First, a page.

1932 was a big year for Picasso, even by his own bohemian standards; he enjoyed a passionate affair with the woman who many believe was the love of his life, Marie-Thérèse Walter, and then had to get his head around a harrowing break-up.
This emotional rollercoaster was expressed through his paintbrush and in his diary of canvases. In fact, 1932 marked the most intensively creative year of his life, he produced over a hundred of his most recognisable works in a short, traumatic 12-month span.
As of this weekend, his extraordinary output’s going on show for the first time, in Picasso 1932 – Love, Fame, Tragedy, the first solo exhibition of the artist’s work to appear at the Tate Modern, and it contains a frightening amount of rarities, many of which seldom leave the clutches of their private owners’ vaults. The Dream, Girl Before a Mirror, Nude in a Black Armchair – they’re all there.
Moreover, the exhibition picks up where an earlier showing of his work left off. Towards the end of his frantic 12 months of painting in late 1932, just as Picasso turned 50, a group of Parisian art dealers put a selection of his new works on show. Picasso’s naturalistic portraits of his family (including his wife Olga and son Paulo) were displayed alongside cubist paintings of Marie-Thérèse, unintentionally blowing the whistle on his affair. His home life collapsed, and his work took a dark turn – a trajectory which this new Tate exhibition follows judiciously.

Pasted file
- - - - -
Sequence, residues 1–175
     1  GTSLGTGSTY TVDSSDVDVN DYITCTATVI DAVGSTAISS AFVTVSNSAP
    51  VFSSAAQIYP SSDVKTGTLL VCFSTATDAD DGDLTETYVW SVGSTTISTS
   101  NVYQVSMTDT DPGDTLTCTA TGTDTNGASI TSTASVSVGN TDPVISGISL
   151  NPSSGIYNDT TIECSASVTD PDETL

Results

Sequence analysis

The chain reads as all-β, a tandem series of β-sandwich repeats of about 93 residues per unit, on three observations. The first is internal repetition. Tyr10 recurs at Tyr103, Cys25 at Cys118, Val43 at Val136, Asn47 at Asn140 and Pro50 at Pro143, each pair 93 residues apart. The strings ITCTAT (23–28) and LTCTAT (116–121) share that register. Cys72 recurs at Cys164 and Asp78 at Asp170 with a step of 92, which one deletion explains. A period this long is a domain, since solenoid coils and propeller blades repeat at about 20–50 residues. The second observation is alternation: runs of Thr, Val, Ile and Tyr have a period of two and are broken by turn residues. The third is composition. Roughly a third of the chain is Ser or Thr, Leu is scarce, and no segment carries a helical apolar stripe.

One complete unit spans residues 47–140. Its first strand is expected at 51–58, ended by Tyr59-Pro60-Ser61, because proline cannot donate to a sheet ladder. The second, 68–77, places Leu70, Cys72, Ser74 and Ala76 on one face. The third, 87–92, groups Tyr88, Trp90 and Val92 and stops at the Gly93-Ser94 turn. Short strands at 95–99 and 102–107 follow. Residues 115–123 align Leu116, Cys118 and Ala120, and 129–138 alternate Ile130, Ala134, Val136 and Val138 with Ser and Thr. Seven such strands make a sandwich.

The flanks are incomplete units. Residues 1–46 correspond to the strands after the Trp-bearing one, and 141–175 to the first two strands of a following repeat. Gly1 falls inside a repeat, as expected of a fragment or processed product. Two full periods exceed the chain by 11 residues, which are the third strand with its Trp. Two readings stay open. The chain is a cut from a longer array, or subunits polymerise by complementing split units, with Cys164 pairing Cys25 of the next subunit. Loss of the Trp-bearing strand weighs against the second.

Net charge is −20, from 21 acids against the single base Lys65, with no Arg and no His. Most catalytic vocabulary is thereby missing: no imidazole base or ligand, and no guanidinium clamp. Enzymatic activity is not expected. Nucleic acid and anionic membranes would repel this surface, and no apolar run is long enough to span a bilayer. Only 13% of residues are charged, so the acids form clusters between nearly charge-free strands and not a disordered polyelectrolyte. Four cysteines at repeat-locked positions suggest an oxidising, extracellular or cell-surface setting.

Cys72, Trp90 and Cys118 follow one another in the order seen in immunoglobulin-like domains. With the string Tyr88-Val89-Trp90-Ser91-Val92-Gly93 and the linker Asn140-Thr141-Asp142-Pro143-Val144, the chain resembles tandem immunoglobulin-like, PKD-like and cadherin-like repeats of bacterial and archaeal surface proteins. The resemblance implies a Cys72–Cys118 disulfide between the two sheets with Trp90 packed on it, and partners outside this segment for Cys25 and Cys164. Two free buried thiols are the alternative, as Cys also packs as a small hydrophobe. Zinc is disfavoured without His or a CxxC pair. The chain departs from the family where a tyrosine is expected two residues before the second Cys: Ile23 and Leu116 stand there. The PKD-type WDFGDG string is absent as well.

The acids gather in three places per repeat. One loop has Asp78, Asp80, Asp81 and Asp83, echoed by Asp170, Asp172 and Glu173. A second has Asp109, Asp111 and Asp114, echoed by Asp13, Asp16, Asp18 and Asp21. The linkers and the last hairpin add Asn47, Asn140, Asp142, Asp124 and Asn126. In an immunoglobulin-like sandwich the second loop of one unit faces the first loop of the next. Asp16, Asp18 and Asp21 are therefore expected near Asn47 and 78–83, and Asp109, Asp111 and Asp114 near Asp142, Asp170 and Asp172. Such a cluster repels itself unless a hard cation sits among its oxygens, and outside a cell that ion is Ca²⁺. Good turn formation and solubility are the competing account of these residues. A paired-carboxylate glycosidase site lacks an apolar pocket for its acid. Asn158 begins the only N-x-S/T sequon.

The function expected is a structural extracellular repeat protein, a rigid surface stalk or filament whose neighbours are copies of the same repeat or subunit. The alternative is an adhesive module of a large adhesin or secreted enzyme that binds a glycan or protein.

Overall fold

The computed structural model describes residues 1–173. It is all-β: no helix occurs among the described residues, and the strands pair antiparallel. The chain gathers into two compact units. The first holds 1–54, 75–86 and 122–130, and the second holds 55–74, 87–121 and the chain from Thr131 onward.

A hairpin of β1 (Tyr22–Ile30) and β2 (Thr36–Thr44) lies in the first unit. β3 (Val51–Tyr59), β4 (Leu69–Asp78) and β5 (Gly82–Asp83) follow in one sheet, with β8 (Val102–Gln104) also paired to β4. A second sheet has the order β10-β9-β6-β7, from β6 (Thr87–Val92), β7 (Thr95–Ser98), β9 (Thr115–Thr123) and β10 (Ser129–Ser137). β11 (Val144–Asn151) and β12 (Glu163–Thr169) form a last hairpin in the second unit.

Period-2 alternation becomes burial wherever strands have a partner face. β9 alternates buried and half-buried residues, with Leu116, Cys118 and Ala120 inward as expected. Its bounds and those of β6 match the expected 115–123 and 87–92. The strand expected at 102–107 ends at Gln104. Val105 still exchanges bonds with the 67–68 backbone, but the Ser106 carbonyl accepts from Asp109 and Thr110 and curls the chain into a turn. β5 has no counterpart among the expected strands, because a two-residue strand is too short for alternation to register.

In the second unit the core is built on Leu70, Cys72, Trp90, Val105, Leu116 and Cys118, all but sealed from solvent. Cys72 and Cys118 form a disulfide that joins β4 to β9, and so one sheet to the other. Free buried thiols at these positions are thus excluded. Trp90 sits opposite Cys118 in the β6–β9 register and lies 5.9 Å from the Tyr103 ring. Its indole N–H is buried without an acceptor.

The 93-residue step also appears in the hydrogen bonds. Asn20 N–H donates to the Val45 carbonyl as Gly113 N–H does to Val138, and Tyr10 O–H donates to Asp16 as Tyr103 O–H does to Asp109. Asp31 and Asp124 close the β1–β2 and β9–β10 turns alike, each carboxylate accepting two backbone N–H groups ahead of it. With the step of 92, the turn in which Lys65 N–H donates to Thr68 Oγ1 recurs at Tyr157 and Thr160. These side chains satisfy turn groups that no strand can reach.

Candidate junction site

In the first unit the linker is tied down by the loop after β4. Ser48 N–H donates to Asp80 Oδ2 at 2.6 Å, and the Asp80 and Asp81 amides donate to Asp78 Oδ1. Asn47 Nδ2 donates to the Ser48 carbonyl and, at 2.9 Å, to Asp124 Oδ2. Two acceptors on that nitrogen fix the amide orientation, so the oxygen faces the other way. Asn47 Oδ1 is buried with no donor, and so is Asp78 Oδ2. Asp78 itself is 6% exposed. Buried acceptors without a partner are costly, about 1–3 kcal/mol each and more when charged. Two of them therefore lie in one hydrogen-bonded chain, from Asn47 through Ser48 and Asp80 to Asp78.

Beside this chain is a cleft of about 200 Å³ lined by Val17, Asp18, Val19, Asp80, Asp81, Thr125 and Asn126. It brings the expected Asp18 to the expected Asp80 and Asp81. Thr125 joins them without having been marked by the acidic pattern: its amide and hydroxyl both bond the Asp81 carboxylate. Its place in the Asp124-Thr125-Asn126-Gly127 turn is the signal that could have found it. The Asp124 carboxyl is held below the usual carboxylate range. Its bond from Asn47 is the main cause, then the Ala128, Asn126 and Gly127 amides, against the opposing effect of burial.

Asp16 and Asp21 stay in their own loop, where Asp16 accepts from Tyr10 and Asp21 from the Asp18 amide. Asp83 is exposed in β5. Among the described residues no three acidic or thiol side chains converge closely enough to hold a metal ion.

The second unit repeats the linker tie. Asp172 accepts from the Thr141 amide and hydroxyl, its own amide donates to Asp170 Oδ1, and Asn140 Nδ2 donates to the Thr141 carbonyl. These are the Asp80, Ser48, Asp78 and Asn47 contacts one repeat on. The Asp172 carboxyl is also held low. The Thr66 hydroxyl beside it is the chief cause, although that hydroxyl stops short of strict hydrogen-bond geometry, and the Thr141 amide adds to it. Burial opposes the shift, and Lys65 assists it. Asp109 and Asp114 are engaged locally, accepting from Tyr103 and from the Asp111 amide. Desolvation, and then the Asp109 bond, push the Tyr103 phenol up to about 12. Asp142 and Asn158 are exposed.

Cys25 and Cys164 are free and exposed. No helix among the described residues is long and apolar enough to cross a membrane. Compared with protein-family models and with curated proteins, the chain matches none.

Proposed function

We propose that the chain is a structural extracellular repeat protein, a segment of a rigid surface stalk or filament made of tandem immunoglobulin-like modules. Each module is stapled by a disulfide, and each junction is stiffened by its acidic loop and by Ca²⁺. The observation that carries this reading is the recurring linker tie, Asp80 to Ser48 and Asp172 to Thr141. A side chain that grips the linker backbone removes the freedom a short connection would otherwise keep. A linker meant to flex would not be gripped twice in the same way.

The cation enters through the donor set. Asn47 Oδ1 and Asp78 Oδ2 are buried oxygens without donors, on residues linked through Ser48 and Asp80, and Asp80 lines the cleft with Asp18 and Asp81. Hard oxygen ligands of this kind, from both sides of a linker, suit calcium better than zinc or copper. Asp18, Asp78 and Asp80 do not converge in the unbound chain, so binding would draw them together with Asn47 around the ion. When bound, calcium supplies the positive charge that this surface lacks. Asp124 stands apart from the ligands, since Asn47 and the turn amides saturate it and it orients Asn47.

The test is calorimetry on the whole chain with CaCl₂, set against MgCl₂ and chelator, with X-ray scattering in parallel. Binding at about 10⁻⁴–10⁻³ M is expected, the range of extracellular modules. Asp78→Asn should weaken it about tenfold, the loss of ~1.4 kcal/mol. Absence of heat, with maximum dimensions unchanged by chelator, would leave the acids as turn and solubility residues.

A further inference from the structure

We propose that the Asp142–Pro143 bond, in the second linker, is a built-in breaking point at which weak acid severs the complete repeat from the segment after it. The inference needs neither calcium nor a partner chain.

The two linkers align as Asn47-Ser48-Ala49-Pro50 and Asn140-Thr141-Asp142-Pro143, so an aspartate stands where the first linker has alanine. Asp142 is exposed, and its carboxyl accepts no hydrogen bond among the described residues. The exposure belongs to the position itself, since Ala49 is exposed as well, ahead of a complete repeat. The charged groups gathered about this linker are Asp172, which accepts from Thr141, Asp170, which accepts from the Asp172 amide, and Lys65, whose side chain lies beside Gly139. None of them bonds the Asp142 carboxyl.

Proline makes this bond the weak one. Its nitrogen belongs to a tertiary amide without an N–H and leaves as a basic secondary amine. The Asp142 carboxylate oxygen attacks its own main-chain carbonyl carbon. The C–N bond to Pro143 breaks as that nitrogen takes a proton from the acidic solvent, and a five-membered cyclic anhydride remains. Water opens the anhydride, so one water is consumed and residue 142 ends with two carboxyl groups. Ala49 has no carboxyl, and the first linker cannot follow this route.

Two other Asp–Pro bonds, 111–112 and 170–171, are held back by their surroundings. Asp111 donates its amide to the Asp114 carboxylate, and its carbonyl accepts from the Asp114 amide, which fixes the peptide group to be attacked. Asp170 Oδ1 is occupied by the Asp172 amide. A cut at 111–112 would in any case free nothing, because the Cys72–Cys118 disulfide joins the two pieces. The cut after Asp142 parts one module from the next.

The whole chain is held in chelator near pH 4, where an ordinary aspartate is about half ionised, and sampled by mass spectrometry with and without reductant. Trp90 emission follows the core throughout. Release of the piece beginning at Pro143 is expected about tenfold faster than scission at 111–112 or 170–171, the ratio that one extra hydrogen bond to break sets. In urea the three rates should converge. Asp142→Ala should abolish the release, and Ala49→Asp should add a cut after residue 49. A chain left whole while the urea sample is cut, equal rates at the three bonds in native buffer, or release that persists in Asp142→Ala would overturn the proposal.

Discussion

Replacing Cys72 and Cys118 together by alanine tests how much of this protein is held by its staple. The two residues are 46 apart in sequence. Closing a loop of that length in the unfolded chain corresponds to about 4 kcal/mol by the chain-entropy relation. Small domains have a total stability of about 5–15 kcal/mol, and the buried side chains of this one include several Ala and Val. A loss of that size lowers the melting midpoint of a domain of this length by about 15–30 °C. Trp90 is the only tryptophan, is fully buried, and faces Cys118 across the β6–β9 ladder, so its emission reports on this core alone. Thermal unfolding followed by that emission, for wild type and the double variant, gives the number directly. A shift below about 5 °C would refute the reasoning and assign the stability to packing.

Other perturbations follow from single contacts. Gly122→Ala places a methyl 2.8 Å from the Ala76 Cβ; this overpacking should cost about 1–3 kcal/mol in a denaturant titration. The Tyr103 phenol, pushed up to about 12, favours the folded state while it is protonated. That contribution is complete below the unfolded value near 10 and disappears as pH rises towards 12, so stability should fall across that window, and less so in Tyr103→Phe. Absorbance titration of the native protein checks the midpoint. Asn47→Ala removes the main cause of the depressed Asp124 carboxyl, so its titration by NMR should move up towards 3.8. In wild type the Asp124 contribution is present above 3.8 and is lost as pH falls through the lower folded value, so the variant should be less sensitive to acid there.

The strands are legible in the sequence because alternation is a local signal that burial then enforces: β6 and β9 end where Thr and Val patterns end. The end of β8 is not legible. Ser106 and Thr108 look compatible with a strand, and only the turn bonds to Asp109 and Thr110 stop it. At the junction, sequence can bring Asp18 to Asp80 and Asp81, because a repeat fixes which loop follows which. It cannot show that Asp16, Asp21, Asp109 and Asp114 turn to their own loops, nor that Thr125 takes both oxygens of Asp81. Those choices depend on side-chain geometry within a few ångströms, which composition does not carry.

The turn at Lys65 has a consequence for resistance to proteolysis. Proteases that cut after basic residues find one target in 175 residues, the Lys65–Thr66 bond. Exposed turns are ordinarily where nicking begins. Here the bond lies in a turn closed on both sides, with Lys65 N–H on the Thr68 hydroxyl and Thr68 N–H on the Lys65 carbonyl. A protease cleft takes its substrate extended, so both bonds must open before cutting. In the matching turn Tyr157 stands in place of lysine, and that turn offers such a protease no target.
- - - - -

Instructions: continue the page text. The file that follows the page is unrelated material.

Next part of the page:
The paintings of Marie-Thérèse are some of Picasso’s most sensual, often considered the pinnacle of his life’s collection of more than 16,000 works. Despite their disastrous impact of Picasso’s personal life, they solidified his influence in the art world.
The exhibition at the Tate scratches the surface of dramatic time in the artist’s life, curating more than 100 of Picasso’s pieces from 1932. It’s an emotional journey with flashes into Picasso’s private life with his wife and son, and it leads you down a path of dark secrets, all the way to Marie-Therese’s tragic death that inspired his ominous paintings of rescue and rape. It’s a vision of Picasso as you’ve never seen him before.
Tickets £22, March 8 to September 9, tate.org.uk